The Rotherham NHS Foundation Trust is planning to deconstruct its troubled Meditech EPR implementation.

The trust looks likely to ‘re-work’ its Meditech V6.0 system and to implement TPP’s SystmOne in A&E. The move comes despite having spent more than £21m on its Meditech EPR.

The foundation trust has faced a series of issues with the EPR since deploying the system in June last year, contributing to a financial crisis and intervention by regulator Monitor in February.

On the recommendation of Monitor the trust then appointed an independent EPR expert, Larry Blevins, who undertook a diagnostic review of the Meditech system.

According to the trust’s April board minutes Blevins gave the trust three options for the future of the Meditech EPR project.

To remove the system completely and replace with another; to deconstruct Meditech to a PAS and install SystmOne in A&E; or to ‘fix’ Meditech, but still install SystmOne in A&E.

A spokesperson from the trust, told EHI that the trust had decided to "re-work" the system.

It would wait until the re-work programme had been established prior to installing an agreed system within the A&E department.

The spokesperson added: “Larry provided three options for the trust’s clinicians and board to consider.

"The outcome of this is that we are adopting the option that will ensure the current elements of the Meditech EPR system are re-worked, based on clinical priorities, to ensure that the system is properly capable to provide the information needed to take advantage of the many EPR functionalities.

“Once the level of progress in system stabilisation and rework is suitable, we will then move forward with additional clinical system evaluation and installation as appropriate,” the spokesperson said.

The Rotherham had planned to spend more than £40m on the implementation, but stopped all further go-lives of the system late last year. To date the trust has spent £21.5m on the Meditech system.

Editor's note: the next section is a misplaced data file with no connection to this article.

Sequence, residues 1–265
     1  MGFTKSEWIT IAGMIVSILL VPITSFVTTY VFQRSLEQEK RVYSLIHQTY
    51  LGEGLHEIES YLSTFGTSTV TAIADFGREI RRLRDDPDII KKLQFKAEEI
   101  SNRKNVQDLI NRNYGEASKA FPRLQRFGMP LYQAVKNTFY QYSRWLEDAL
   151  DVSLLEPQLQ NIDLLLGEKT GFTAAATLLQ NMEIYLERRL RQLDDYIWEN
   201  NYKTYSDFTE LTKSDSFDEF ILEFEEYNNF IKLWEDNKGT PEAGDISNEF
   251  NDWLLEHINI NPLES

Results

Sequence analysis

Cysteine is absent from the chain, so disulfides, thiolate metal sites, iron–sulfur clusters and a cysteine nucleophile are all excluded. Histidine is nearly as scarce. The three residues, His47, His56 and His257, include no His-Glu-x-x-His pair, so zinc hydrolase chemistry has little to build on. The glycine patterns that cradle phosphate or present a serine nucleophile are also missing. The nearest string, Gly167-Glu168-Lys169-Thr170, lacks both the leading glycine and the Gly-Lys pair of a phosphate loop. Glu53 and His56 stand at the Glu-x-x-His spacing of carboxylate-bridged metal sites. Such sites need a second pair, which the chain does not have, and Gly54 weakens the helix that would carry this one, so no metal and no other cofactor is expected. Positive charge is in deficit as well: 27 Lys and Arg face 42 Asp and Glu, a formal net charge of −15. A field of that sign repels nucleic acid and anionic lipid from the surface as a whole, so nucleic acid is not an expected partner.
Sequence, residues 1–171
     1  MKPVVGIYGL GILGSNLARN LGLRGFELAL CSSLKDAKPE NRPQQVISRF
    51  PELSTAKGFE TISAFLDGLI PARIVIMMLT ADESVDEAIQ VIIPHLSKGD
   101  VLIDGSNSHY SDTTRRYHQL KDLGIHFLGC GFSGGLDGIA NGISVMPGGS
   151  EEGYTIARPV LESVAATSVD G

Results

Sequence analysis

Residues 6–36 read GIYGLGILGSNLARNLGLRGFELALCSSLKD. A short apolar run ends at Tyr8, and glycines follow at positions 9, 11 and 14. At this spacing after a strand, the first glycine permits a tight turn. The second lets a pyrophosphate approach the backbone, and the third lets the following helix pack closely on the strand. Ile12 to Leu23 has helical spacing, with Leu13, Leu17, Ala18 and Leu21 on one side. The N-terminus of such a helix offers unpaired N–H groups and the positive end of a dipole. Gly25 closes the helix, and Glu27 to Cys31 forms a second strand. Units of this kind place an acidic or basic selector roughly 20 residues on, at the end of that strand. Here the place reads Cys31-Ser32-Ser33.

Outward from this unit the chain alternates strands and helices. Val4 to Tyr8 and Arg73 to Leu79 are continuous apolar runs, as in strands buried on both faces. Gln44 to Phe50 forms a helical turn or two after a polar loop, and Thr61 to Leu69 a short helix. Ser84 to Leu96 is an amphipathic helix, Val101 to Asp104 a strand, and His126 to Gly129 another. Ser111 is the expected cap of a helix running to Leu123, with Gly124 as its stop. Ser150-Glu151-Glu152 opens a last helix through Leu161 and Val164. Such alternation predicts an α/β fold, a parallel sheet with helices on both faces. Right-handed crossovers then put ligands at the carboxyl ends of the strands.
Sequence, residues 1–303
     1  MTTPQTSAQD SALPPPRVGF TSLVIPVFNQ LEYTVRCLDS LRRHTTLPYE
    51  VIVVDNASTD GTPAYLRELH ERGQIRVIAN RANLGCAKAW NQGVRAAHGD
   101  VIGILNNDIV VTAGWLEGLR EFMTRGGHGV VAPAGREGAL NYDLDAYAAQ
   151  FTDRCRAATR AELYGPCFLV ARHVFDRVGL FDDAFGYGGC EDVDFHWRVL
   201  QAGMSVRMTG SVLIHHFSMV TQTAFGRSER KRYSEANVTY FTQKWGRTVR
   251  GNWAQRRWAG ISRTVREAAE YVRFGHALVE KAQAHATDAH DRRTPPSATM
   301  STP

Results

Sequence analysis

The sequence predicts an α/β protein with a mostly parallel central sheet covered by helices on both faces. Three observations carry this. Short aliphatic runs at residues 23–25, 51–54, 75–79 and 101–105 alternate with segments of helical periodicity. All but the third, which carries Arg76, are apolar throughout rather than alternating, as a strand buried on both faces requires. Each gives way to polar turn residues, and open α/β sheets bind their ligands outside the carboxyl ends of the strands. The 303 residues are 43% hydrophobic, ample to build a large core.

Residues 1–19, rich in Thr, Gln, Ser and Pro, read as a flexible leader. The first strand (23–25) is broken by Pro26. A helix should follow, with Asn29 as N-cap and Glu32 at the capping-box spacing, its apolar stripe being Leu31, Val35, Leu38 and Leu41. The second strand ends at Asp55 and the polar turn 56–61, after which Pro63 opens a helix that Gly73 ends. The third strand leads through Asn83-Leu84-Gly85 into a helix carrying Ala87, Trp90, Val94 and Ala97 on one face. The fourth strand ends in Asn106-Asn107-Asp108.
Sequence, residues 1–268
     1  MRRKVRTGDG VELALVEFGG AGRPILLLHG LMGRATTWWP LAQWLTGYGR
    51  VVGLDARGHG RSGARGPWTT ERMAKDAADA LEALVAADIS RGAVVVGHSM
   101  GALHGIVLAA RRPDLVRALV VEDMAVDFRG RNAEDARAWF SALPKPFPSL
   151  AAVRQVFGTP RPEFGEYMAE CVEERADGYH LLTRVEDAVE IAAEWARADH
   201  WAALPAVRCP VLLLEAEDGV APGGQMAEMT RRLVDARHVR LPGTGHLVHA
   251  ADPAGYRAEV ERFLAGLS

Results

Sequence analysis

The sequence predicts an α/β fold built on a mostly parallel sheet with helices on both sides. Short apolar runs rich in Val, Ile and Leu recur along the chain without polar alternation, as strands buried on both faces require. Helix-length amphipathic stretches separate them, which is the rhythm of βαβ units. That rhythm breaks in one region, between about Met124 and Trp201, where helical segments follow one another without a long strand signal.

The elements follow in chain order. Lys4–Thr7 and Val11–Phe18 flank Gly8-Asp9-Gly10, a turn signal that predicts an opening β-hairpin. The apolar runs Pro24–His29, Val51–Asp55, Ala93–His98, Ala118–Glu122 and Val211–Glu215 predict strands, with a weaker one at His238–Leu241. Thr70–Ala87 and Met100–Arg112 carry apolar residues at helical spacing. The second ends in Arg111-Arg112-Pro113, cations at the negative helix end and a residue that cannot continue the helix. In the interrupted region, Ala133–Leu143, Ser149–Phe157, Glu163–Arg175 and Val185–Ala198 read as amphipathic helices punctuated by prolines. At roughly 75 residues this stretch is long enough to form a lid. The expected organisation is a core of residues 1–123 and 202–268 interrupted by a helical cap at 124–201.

The trust’s April board minutes say that a group of clinicians was presented with options for the EPR and voted to fix the system.

However, the non-executive director indicated that because the attendance was low compared with the overall number of medical staff, the vote was not proportional and she would prefer full consensus from the staff.

The board was told that regardless of what option it picked, there would be a requirement for a number of actions to be put in place such as governance arrangements.

“Meditech will provide an on-site team, supported by a trust team, in an effort to help the Rotherham rework the system,” said the trust spokesperson.

“The whole programme of work in developing and improving our Meditech EPR system will be clinically led and supported by the clinical user groups, with input from administrative and managerial staff.”

The diagnostic review of EPR was completed by 30 April, and an EPR plan is due to be submitted to Monitor by the end of May.

Blevins is being paid £25,000 a month to undertake a review of the system and related issues. The trust has also hired three further consultants.

Michael Morgan has replaced Matthew Lowry as interim chief executive after former chief executive, Brian James, retired last year.

He was hired along with fellow external consultants Tim Bolot and Joshua Ejdelbaum. The trust is paying £77,000 per month for the three men.